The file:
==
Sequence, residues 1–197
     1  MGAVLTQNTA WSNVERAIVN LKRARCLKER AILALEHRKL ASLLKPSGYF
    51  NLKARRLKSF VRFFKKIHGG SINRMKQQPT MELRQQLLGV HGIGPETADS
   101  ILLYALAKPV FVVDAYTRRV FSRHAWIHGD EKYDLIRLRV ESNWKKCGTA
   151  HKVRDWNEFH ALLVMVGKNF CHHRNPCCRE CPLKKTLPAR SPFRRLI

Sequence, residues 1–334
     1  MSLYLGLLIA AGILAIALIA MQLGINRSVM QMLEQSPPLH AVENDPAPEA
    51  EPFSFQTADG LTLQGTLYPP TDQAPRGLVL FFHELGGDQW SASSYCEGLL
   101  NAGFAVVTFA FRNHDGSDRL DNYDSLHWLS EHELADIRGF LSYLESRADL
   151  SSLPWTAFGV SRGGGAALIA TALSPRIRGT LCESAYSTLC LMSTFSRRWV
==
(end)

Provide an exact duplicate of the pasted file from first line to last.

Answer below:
Sequence, residues 1–197
     1  MGAVLTQNTA WSNVERAIVN LKRARCLKER AILALEHRKL ASLLKPSGYF
    51  NLKARRLKSF VRFFKKIHGG SINRMKQQPT MELRQQLLGV HGIGPETADS
   101  ILLYALAKPV FVVDAYTRRV FSRHAWIHGD EKYDLIRLRV ESNWKKCGTA
   151  HKVRDWNEFH ALLVMVGKNF CHHRNPCCRE CPLKKTLPAR SPFRRLI

Sequence, residues 1–334
     1  MSLYLGLLIA AGILAIALIA MQLGINRSVM QMLEQSPPLH AVENDPAPEA
    51  EPFSFQTADG LTLQGTLYPP TDQAPRGLVL FFHELGGDQW SASSYCEGLL
   101  NAGFAVVTFA FRNHDGSDRL DNYDSLHWLS EHELADIRGF LSYLESRADL
   151  SSLPWTAFGV SRGGGAALIA TALSPRIRGT LCESAYSTLC LMSTFSRRWV